President Donald Trump alarmed but didn’t surprise Democrats by claiming victory in a late-night tweet onTuesday, saying that people were trying to steal the election by counting mail-in votes after the polls had closed. The Trump reelection campaign on Wednesday filed a suit in Michigan seeking to stop the ballot count in that state “until meaningful access has been granted” to observe the counting process, and announced other possible legal challenges across the country.
Lauter did not rule out an electoral victory for Trump after all the votes were counted, which he predicted could take until Friday. He pointed to the president’s overperformance in states like Texas and Florida, where Democrats invested a lot of money and Trump still won commandingly. “He surprised everybody four years ago,” Lauter said, “and he has surprised most people this time out.”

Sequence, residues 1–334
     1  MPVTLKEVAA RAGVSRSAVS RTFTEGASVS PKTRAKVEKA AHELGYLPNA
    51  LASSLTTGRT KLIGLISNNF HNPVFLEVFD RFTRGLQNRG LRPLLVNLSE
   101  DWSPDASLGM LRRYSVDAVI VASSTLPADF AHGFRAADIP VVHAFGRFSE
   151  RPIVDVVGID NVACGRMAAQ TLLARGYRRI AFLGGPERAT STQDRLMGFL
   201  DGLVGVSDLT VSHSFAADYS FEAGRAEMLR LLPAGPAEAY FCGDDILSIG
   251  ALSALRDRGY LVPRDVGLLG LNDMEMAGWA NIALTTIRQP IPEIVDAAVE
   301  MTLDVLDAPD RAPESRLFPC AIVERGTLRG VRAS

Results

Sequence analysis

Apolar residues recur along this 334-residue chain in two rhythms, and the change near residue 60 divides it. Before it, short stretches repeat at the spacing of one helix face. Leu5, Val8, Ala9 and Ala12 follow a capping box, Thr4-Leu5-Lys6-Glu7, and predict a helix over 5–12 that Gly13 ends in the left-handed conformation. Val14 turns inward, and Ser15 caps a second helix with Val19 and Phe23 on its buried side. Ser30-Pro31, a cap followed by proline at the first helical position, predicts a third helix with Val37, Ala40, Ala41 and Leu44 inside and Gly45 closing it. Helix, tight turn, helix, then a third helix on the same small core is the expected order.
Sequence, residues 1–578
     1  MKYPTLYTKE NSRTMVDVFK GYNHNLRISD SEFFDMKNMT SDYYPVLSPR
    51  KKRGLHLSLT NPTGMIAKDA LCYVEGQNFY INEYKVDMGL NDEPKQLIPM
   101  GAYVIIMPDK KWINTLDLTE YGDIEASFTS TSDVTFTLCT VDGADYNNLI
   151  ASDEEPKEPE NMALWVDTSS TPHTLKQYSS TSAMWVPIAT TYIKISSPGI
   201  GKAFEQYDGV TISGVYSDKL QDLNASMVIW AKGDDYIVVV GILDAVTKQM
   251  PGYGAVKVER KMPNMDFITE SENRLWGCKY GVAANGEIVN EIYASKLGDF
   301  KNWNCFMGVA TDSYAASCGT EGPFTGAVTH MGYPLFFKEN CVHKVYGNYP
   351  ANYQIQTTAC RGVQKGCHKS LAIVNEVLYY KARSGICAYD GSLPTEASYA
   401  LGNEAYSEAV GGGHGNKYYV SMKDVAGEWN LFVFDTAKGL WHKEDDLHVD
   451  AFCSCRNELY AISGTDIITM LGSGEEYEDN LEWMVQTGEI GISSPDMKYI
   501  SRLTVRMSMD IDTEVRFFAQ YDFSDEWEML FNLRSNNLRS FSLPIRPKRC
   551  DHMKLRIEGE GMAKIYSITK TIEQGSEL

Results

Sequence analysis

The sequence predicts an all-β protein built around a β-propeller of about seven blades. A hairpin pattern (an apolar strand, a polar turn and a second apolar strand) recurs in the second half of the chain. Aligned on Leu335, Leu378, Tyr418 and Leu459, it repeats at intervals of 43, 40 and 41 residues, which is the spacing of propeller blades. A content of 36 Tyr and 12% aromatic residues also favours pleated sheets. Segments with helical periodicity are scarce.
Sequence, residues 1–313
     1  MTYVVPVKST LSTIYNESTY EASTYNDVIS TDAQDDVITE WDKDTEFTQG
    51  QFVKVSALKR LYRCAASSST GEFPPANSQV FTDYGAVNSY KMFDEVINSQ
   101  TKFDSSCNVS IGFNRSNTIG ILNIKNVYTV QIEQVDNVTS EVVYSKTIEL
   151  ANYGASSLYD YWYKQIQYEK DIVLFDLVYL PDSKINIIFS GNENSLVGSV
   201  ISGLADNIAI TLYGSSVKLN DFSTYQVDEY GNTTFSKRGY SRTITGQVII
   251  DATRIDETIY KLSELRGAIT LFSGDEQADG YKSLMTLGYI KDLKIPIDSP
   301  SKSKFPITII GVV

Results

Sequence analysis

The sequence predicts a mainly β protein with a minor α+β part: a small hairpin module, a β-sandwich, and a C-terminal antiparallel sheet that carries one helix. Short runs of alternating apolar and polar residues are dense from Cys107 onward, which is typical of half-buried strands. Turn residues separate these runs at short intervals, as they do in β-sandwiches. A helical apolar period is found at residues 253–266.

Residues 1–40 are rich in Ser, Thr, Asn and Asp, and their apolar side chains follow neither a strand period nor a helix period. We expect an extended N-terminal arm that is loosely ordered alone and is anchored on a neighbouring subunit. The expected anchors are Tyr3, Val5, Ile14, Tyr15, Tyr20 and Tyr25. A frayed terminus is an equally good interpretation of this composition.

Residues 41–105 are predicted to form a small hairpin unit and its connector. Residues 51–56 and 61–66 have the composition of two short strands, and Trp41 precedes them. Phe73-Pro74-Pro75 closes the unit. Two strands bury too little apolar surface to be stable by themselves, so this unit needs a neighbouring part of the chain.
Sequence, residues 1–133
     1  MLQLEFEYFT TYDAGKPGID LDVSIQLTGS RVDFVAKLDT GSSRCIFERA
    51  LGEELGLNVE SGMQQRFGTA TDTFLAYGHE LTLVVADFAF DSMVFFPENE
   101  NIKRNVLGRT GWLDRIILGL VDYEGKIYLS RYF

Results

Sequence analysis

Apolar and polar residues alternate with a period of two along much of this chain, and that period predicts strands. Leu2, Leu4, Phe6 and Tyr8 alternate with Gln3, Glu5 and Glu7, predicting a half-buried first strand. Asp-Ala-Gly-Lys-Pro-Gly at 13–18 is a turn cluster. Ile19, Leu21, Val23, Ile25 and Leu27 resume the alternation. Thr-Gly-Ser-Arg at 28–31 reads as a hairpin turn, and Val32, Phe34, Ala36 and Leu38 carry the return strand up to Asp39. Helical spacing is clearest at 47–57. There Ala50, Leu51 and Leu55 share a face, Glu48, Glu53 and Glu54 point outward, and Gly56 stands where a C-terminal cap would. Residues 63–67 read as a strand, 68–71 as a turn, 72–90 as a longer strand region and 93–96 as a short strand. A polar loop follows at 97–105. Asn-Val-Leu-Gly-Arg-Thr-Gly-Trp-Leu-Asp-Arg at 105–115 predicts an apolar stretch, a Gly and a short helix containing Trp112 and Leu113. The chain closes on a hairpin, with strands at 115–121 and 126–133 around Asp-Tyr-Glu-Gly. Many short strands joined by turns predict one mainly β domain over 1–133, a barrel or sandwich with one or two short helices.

This interview has been edited for clarity and concision.
J.: Considering your familiarity with Joe Biden, what do you imagine his attitude is toward this process right now?
Sam Lauter: This is a person who’s been through incredible life impacts over and over. What I think he’s doing right now is calmly retelling everyone around him to remain calm and let the votes be counted. My best guess is that Joe Biden is surrounded by his inner circle of folks. And he is saying to all of them, “Be patient. There are votes to count. Every vote has to be counted. And then we’ll see.’
You have said you are cautiously optimistic that Biden will be elected president. What gives you that optimism?